With Money Tight, More Towns Are Unpaving Their Roads

Public works spending isn't keeping up with basic maintenance costs
By Elizabeth Armstrong Moore,  Newser Staff
Posted Jul 17, 2016 12:41 PM CDT
With Money Tight, More Towns Are Unpaving Their Roads
In this Sept. 18, 2013, file photo, workers survey the scene on Highway 34 near Loveland, Colo., on Wednesday, Sept. 18, 2013. Colorado transportation officials are scrambling to replace key mountain highways with at least gravel before the first winter storms hit as early as October.   (AP Photo/Chris Schneider, File)

With infrastructure spending at a low point and infrastructure itself getting a D grade as judged by the American Society of Civil Engineers, paved roads that are crumbling and full of potholes are becoming more commonplace. And now, according to a new report out by the National Highway Cooperative Highway Research program, rural areas across the country are intentionally ripping up stretches of pavement in a return to gravel, reports Wired. The bar is, indeed, low: The report uncovered a widespread sentiment among residents that in spite of the extra dust and other nuisances, depaving is fine because at least the worst roads are getting some form of attention.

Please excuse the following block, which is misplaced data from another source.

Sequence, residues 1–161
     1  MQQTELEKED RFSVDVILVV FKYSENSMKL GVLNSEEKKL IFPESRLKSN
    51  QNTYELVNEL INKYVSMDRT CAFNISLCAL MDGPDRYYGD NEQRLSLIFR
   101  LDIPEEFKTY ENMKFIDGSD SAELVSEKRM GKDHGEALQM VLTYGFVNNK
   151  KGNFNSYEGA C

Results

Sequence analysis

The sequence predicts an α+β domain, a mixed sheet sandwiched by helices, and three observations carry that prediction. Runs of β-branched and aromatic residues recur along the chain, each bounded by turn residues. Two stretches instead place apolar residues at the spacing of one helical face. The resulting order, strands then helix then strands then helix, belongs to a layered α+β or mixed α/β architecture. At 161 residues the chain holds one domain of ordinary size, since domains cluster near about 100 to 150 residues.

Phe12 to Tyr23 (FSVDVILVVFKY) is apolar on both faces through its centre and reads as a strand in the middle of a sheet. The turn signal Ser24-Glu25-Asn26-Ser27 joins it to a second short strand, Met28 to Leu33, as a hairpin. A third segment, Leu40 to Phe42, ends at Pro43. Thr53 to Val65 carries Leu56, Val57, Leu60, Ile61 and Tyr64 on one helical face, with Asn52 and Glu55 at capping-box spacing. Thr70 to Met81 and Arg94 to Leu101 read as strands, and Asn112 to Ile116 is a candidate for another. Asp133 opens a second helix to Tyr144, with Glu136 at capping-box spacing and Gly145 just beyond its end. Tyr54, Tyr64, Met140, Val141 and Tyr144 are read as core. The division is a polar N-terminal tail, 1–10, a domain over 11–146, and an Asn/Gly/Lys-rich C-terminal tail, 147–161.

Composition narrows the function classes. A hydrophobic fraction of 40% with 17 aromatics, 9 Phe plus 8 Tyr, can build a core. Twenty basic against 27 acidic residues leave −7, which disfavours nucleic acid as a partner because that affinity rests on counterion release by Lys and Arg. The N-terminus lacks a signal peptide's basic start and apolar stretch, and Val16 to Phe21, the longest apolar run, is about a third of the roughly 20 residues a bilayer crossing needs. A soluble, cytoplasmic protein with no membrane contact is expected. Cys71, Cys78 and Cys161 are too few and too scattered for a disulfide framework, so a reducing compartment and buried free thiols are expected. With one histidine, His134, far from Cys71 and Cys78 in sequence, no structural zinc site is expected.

The phenomenon isn't exactly new. Back in 2010 the Wall Street Journal took note of the trend and reported that South Dakota had recently turned about 100 miles of asphalt road to gravel; nearly half of Michigan counties had converted at least some roads in this way; some counties in Alabama and Pennsylvania were further downgrading asphalt to chip-and-seal "poor man's pavement"; and some counties in Ohio were so broke they were letting roads naturally erode to gravel. John Habermann of Purdue University warned at a seminar he called "Back to the Stone Age" that no roads are free roads, and that in the long run gravel's need to be graded and smoothed can actually cost more than regular asphalt maintenance. (Members of both political parties agree that the way we fund roads is a joke.)

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